Skip to main content

Risk factors of pituitary disorders following traumatic brain injury


Pituitary disorders following traumatic brain injury (TBI) are frequent, but their determinants are poorly understood. We performed a systematic review to assess the risk factors of TBI-associated pituitary disorders.


We searched MEDLINE, Embase, Scopus, The Cochrane Library, BIOSIS, and Trip Database, and references of narrative reviews for cohort, cross-sectional and case-control studies enrolling at least five adults with TBI in whom ≥1 pituitary axis was tested and one potential predictor reported. Two independent investigators selected citations, extracted data and assessed the risk of bias. We pooled the data from all studies assessing a specific predictor, regardless of the pituitary axis being evaluated. When more than one pituitary axis was assessed, we used the data related to hypopituitarism or the data from the most defective axis. When a pituitary axis was evaluated several times, we used assessment farthest from the injury. A meta-analysis was performed using random effect models and I 2 was used to evaluate heterogeneity. Studies were considered at low risk of bias if the authors defined inclusion/exclusion criteria, did not use voluntary sampling, and tested > 90% of patients with proper detailed diagnostic criteria.


Among 13,559 citations, we included 26 studies (1,708 patients). Increased age was associated with pituitary disorders (weighted mean difference = 3.2, 95% CI = 0.3 to 6.1, 19 studies, 1,057 patients, I 2 = 59%). This finding was no longer significant when only considering studies with low risk of bias. TBI severity was associated with an increased risk of developing pituitary disorders (RR = 1.49, 1.24 to 1.77, I 2 = 17% for moderate/severe vs. mild TBI; RR = 1.78, 1.09 to 2.91, I 2 = 80% for severe vs. mild/moderate TBI), while sex was not (RR for male = 1.05, 0.98 to 1.13, 15 studies, 870 patients, I 2 = 0%). Among CT scan findings, only skull fractures were associated with pituitary disorders (RR = 1.75, 1.13 to 2.70, six studies, 345 patients, I 2 = 47%). An insufficient number of studies with low risk of bias assessing the association between GCS, CT scan findings and pituitary disorders was retrieved to perform meta-analysis.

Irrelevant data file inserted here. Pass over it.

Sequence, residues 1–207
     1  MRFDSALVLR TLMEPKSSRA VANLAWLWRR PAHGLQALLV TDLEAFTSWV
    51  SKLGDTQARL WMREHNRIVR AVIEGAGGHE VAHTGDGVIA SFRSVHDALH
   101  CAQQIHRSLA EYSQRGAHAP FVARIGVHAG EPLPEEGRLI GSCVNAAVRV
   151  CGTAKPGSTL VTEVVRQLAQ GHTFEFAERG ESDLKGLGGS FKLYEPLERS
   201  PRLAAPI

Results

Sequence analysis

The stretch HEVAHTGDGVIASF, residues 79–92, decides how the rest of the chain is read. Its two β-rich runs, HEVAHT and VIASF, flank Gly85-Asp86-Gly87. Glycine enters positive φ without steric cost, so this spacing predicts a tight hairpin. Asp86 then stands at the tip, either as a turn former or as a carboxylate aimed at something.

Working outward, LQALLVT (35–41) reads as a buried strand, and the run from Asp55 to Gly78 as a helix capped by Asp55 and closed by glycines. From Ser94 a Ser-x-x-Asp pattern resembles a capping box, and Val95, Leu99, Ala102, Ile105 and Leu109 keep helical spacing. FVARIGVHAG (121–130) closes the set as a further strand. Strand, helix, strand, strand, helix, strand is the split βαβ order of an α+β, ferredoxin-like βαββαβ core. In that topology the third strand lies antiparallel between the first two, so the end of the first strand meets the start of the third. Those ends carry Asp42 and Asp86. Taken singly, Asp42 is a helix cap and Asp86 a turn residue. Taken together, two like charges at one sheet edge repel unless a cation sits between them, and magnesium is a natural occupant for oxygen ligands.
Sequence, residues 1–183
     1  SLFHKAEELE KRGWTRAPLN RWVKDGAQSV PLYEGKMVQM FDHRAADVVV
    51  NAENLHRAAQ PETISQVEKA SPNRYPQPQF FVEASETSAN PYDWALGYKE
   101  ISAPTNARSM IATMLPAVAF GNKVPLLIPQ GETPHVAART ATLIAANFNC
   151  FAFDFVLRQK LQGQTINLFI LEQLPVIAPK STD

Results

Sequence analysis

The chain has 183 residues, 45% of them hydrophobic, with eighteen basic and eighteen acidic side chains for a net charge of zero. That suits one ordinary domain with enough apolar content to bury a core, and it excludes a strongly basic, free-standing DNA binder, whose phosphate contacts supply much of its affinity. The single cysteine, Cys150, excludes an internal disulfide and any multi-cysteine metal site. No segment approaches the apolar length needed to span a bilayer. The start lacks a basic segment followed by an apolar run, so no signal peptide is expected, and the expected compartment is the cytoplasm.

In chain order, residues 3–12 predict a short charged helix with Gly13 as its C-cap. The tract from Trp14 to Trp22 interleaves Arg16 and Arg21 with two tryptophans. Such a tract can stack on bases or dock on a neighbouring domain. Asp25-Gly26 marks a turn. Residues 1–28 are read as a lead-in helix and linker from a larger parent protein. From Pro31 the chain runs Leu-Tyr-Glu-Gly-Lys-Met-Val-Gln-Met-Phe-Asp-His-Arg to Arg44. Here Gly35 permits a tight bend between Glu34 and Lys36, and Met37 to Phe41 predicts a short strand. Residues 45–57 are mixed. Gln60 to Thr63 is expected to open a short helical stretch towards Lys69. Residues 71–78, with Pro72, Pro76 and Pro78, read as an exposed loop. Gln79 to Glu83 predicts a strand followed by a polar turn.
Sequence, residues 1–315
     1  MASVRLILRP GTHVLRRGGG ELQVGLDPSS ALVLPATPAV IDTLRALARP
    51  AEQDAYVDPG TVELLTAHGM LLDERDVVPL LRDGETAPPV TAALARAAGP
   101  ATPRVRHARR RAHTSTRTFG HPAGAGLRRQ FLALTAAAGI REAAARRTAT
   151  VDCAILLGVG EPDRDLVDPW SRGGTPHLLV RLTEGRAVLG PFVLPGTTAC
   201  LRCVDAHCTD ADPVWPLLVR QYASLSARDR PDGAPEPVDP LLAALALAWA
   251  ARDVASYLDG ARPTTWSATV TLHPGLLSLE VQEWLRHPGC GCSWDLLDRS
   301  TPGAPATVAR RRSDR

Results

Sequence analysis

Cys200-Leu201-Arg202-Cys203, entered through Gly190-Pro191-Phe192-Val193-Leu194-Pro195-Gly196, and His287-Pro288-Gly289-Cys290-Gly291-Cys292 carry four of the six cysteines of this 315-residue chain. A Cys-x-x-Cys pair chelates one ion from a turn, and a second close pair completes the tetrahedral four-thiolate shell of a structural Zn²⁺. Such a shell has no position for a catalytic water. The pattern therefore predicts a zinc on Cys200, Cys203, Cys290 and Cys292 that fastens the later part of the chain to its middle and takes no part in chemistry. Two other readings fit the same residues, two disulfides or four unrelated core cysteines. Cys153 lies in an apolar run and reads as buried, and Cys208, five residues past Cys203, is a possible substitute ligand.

Age, TBI severity and skull fractures are associated with an increased risk of pituitary disorders. Further studies are necessary to identify additional factors that will help developing targeted screening strategies.

Author information



Corresponding author

Correspondence to F Lauzier.

Rights and permissions

This article is licensed under a Creative Commons Attribution 4.0 International License, which permits use, sharing, adaptation, distribution and reproduction in any medium or format, as long as you give appropriate credit to the original author(s) and the source, provide a link to the Creative Commons licence, and indicate if changes were made. The images or other third party material in this article are included in the article's Creative Commons licence, unless indicated otherwise in a credit line to the material. If material is not included in the article's Creative Commons licence and your intended use is not permitted by statutory regulation or exceeds the permitted use, you will need to obtain permission directly from the copyright holder. To view a copy of this licence, visit The Creative Commons Public Domain Dedication waiver ( applies to the data made available in this article, unless otherwise stated in a credit line to the data.

Reprints and Permissions

About this article

Cite this article

Lauzier, F., Lachance, O., Cote, I. et al. Risk factors of pituitary disorders following traumatic brain injury. Crit Care 17, P332 (2013).

Download citation


  • Traumatic Brain Injury
  • Random Effect Model
  • Potential Predictor
  • Cochrane Library
  • Traumatic Brain Injury Severity